Fallout 76’s private worlds aren’t private and let random players join

Fallout 76’s private worlds aren’t private and let random players join
Imogen Donovan Updated on by

Video Gamer is reader-supported. When you buy through links on our site, we may earn an affiliate commission. Prices subject to change. Learn more

Bethesda announced Fallout 76’s premium subscription service yesterday, but unfortunately players are reporting a multitude of problems with the new features (via Forbes). 

Fallout 1st is priced at $12.99 a month or $99.99 a year and offers a varied range of bonus features in the game. To name but a few, these are exclusive icons and emotes, a New Vegas costume, and private worlds, the latter of which has been a highly requested addition to the game for a while. However, these private worlds aren’t working as they should, and players are complaining about the problems on the Fallout 76 subreddit. 

Those who have signed up for Fallout 1st have reported that their new private world is in fact an old instance of the Appalachia region. Dead NPCs and creatures and areas picked clean of loot are telltale signs that these worlds have been recycled for premium subscribers. Moreover, the worlds are not as private as they’ve been advertised to be.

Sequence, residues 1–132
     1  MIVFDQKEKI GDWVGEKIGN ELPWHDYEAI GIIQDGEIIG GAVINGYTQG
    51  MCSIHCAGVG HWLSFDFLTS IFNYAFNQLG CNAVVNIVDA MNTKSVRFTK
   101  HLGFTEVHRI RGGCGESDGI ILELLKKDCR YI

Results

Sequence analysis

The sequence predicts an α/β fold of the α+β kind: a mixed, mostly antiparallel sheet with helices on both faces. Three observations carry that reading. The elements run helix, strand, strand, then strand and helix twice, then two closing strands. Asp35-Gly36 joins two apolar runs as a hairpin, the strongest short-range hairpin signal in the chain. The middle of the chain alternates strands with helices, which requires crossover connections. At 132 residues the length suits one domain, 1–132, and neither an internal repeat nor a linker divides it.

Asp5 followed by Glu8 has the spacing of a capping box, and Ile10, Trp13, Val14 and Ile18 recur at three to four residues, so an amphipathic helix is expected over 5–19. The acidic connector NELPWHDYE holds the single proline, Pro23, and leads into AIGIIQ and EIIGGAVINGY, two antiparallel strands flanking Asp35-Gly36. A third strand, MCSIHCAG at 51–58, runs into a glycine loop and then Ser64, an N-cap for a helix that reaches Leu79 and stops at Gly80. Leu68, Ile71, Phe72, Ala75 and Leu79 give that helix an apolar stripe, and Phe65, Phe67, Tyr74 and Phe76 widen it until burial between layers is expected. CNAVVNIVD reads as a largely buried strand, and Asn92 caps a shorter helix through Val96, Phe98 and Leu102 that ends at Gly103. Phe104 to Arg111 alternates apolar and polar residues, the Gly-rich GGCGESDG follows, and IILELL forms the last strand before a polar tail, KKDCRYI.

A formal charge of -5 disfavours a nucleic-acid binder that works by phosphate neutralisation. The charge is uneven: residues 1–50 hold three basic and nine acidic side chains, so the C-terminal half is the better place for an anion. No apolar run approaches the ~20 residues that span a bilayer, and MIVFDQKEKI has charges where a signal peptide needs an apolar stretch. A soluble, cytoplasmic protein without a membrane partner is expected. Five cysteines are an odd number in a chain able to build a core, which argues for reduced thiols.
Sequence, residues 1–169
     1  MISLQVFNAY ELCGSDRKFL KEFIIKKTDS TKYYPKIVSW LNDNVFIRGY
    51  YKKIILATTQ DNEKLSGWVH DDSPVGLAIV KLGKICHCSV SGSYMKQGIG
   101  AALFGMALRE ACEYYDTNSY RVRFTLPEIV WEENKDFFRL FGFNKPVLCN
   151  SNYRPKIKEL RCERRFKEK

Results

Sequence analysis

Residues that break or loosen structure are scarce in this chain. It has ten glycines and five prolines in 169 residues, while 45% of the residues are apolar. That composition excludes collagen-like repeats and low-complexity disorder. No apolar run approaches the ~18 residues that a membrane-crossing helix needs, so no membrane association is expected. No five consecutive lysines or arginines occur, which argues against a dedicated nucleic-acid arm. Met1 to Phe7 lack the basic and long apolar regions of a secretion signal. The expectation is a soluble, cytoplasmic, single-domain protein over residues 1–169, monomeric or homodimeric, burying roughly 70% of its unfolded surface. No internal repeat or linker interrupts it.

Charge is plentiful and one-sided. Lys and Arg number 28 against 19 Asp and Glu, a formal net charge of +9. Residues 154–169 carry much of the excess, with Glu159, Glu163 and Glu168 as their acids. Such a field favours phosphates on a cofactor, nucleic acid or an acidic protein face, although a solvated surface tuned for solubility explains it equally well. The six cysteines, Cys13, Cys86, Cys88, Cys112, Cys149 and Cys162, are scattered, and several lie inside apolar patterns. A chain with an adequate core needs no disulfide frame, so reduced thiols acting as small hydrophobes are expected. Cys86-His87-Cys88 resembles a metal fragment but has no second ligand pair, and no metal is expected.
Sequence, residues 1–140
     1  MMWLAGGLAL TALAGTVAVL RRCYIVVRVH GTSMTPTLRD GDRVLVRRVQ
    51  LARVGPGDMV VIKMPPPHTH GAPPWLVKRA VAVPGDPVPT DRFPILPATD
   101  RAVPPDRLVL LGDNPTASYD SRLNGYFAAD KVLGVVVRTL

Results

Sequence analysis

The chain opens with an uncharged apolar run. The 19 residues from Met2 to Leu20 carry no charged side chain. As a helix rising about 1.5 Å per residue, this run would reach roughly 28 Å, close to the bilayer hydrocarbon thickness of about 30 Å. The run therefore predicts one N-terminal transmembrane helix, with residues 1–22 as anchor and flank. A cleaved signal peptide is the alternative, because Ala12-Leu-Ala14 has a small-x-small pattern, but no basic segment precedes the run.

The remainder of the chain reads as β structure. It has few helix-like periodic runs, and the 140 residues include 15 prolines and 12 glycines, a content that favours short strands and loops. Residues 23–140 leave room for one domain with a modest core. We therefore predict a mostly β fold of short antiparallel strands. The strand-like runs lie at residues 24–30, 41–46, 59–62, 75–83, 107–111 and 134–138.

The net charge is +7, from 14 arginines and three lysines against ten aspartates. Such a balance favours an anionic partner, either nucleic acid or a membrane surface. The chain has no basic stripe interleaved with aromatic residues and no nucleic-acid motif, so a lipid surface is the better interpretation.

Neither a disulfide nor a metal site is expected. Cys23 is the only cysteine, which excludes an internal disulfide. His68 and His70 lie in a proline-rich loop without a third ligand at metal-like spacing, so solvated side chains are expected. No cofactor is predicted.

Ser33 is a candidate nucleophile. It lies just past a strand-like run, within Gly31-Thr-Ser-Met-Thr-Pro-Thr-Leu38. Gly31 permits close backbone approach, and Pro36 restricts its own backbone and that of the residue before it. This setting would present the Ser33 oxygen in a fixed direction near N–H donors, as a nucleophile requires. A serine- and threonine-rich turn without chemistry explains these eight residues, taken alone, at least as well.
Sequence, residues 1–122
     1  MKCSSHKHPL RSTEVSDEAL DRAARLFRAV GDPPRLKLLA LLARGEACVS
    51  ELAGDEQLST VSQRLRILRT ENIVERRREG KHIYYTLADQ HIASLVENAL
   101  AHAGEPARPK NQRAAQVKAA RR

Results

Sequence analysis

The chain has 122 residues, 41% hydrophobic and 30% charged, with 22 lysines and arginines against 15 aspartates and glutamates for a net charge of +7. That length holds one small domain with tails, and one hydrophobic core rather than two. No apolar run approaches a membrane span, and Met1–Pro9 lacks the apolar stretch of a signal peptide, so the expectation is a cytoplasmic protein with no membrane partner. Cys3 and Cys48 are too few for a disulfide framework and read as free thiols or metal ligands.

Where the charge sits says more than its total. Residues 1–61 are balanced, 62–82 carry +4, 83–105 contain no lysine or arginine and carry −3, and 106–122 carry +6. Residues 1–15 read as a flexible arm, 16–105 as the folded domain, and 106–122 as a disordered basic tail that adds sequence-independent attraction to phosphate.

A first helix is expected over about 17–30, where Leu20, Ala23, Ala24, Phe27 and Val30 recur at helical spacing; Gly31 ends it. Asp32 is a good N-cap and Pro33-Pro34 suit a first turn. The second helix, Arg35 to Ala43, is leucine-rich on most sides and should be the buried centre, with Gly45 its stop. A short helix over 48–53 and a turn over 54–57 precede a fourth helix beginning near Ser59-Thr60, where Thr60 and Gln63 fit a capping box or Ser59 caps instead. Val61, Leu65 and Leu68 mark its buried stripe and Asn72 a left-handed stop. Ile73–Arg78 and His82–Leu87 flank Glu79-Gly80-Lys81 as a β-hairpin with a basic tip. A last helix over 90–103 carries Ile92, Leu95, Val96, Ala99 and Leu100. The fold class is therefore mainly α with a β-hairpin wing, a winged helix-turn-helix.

Players with large friends lists are experiencing random people adding themselves to their server. This is because there is no ‘anonymous’ or ‘invisible’ marker for players to use, and others are jumping in with no measures in place to stop them. And, the Scrap Box is a new addition that allows Fallout 1st players to store their heavy volumes of crafting materials, but reports are saying it is deleting scrap. Players are unhappy that their hard-earned materials have been permanently removed in a paid world that’s filled with problems.

It is reported that some Fallout 1st members are asking for refunds based on their experiences with the service so far. Hopefully Bethesda will address these glitches soon, and introduce fixes in order that the private worlds work as intended.